Thursday, August 13, 2009

More on Malls

So Fiesta Mall isn't the only one hurting, malls across the southeast valley are looking for creative ways to fill vacant storefronts. It sounds like a creative way to fill the space, while giving local merchants an opportunity to sell their wares in a space that they may not otherwise be able to afford.

It is also an interesting way to add a level of diversity to the shops found in a mall. Anywhere in the US, you generally find the same conglomeration of stores, just arranged differently. If some of the local malls can offer up creative and interesting destinations, they can attract people to shop in their mall instead of some other one that they normally go to. Finding an attractive niche is a great way to stay competitive.

On the other hand, the malls have to be careful that they don't become the next stage in swap meets, and must do whatever they can to avoid the monicker of "ghetto mall." Remember Tri-City in its final days as a "mall?" It had very few name brand stores and some that didn't even look safe to enter. Even the old reliable movie theater bit the dust.

As malls find ways to be relevant in the changing market, they must walk the fine line between creatively reaching out to local merchants, and becoming a glorified garage sale.

1 comment:

Heath Reed said...

Its been a while, but here we go.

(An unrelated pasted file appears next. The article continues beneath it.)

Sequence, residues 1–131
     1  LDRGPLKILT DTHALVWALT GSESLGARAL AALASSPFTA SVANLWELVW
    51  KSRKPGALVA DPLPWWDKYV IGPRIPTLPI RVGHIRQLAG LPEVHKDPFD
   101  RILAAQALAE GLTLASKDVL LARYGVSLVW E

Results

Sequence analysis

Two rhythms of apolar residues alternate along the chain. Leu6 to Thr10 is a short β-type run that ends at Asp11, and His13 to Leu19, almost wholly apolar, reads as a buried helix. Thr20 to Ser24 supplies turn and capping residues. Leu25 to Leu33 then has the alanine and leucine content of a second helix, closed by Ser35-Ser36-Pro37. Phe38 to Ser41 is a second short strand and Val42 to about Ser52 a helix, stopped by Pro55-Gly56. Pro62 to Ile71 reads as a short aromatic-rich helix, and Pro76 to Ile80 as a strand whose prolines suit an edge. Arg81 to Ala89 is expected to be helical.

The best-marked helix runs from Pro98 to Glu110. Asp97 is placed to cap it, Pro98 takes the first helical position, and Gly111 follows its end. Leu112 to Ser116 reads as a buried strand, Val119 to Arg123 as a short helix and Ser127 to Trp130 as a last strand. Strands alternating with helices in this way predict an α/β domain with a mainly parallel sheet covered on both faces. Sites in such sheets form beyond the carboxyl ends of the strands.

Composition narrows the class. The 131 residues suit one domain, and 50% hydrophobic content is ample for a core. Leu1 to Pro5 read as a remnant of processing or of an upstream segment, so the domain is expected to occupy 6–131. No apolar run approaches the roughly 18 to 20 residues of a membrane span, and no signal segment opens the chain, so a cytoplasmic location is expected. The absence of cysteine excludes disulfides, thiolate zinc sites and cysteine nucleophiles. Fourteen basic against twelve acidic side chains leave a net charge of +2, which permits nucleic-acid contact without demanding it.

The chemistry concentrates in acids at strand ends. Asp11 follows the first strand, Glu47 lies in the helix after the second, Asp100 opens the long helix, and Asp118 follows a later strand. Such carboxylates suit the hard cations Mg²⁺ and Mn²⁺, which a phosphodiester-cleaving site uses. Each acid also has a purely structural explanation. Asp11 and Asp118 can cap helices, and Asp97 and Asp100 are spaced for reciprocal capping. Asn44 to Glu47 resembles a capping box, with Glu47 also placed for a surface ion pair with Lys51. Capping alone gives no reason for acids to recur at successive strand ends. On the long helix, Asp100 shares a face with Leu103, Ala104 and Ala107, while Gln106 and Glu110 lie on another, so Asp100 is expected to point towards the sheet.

The system of malls do not really work anymore. They are trying to do outdoor sections, or just do it all outdoor like San Tan has done. This is more of a main street new urbanist view. Even though New Urbansim has opened many people eyes to the way city does not function, there are still many flaws in this system, even with its many successes. So, can this outdoor mall succeed in the hot deserts of AZ? Well, its all about numbers. Or should it be? Fiesta was excited about Dicks and Best Buy. Has it really improved the mall? Well, it took a huge anchor of an adjacent strip mall lose their major tenant.

Problem is, most developers are followers and look to use the current trend and stamp that everywhere. That is why our system of sales taxes and retail fails the current model. Thing is, with banks not lending, do not expect anything different or innovative. If the zoning codes allows it, most likely you are going to get the same ol crap in our city………….if that is what we want. For now, the life cycle of these malls and strip retail centers are around 20 years and then they go in despair. Look at the Fiesta so called District?

The Gateway area will assist in recreating retail and how it mixes in with other uses and how it is thought about. So can Riverview survive the pitfall of a massive development of mostly retail? As of now, I would say no. But if you look around the area, it has a chance. The offices can bring some life to the area during the day, but not much. The fate of Riverview IMO relies on 3 areas. “If” Waveyard ever develops, the gravel pit north of Riverview and the reinvention of the site to be more functional and have a permanent population living within Riverview/if the city will allow the rezoning of the parcel.